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Colegrove v. Colvin

United States District Court, W.D. New York

February 13, 2015

CAROLYN W. COLVIN, Acting Commissioner of Social Security, Defendant

For Scott Wilbur Colegrove, Plaintiff: Howard D. Olinsky, LEAD ATTORNEY, Olinsky Law Group, Syracuse, NY.

For Carolyn W. Colvin, Acting Commissioner of Social Security, Defendant: Joanne Jackson, Peter William Jewett, LEAD ATTORNEYS, Social Security Administration, Office of General Counsel, New York, NY; Kathryn L. Smith, LEAD ATTORNEY, U.S. Attorney's Office, Rochester, NY.

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ELIZABETH A. WOLFORD, United States District Judge.


Plaintiff Scott Wilbur Colegrove (" Plaintiff" ) brings this action pursuant to 42 U.S.C. § § 405(g) and 1383(c)(3) seeking review of the final decision of Carolyn W. Colvin, Acting Commissioner of Social Security (" the Commissioner" ), denying Plaintiff's application for disability insurance benefits. (Dkt. 1). Plaintiff alleges that the decision of Administrative Law Judge (" ALJ" ) John P. Costello was not supported by substantial evidence in the record and was based on erroneous legal standards.

Presently before the Court are the parties' opposing motions for judgment on the pleadings pursuant to Rule 12(c) of the Federal Rules of Civil Procedure. (Dkt. 7, 10). For the reasons set forth below, the Commissioner's motion for judgment on the pleadings (Dkt. 10) is denied, Plaintiff's motion (Dkt. 7) is granted in part, and this matter is remanded for further administrative proceedings.

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A. Overview

On January 19, 2011, Plaintiff protectively filed an application for disability insurance benefits. (Administrative Transcript (hereinafter " Tr." ) 126). In his application, Plaintiff alleged a disability onset date of March 1, 2006. ( Id.). Plaintiff alleged the following disabilities: epilepsy, a back condition, and depression. (Tr. 146). On April 28, 2011, the Commissioner denied Plaintiffs application. (Tr. 77).

On March 20, 2012, Plaintiff, represented by counsel, testified at a hearing before ALJ Costello. (Tr. 24-50). Vocational Expert (" VE" ) Peter Manzi also appeared and testified. (Tr. 52-58). On April 24, 2012, the ALJ issued a finding that Plaintiff was not disabled within the meaning of the Social Security Act. (Tr. 10-18).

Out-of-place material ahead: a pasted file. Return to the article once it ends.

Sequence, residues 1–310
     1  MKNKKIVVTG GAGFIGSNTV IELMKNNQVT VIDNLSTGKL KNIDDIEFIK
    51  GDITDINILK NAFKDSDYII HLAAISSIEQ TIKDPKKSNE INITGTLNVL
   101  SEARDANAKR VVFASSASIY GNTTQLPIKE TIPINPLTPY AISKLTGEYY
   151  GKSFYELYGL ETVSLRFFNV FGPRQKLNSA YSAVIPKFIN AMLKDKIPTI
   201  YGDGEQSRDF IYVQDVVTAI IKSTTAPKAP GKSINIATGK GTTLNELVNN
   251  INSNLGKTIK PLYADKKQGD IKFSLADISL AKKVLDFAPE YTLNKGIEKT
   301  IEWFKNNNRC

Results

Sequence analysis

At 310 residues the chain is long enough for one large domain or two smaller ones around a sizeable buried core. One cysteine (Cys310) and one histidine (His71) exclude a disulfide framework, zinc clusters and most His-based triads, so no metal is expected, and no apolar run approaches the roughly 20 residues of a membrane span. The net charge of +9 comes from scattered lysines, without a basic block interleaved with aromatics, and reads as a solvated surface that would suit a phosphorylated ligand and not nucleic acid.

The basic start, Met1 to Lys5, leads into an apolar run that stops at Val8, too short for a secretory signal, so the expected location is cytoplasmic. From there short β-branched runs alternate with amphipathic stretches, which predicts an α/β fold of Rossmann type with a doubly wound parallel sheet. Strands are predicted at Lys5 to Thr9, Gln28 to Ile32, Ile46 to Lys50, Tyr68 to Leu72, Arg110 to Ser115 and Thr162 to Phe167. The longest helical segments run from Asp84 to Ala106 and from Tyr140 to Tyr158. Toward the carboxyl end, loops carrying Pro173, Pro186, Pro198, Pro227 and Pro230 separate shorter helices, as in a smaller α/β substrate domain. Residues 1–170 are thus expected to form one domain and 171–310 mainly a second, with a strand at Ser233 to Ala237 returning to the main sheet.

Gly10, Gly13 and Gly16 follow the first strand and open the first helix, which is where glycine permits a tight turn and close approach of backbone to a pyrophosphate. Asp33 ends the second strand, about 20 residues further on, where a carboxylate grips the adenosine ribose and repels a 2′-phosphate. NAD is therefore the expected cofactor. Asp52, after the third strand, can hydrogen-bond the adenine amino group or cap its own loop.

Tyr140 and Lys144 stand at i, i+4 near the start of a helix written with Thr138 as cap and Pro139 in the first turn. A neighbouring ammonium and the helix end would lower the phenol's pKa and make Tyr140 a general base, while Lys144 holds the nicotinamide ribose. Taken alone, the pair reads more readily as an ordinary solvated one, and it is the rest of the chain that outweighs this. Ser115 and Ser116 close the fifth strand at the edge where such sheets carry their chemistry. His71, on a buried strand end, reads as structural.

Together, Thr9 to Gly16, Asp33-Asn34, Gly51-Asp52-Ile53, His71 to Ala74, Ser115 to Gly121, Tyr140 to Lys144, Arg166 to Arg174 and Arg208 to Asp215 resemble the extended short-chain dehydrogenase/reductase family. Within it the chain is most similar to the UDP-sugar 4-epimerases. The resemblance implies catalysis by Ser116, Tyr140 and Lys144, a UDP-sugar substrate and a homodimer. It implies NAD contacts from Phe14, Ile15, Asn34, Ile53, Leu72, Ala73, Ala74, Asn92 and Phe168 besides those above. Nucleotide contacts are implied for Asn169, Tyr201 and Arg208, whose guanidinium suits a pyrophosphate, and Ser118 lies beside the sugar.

On October 24, 2013, the Appeals Council denied Plaintiff's request for review, making the ALJ's decision the final decision of the Commissioner. (Tr. 1-4). On December 20, 2013, Plaintiff filed this civil action appealing the final decision of the Commissioner. (Dkt. 1).

B. The Non-Medical Evidence

Plaintiff was 39 years old on the date of his application. (Tr. 12, 126). Plaintiff has a twelfth grade education and vocational training in heavy equipment operation. (Tr. 147). Plaintiff had previous work experience as a contracted laborer. ( Id.).

1. Plaintiff's Testimony

Plaintiff testified that he could not remember much of his past work. (Tr. 31-32). Plaintiff last worked part-time as a firefighter in Georgia. (Tr. 29-30). Plaintiff reported that his epilepsy was his most serious condition. (Tr. 36). He had a seizure in March of 2006 that placed him in the hospital in a medically-induced coma. (Tr. 33). He experienced memory loss as a result of his epilepsy. (Tr. 37). Plaintiff indicated that he had difficulty remembering instructions. ( Id.). Plaintiff testified that he also had difficulty with reading comprehension. (Tr. 38). Plaintiff enjoyed hunting and fishing. (Tr. 43).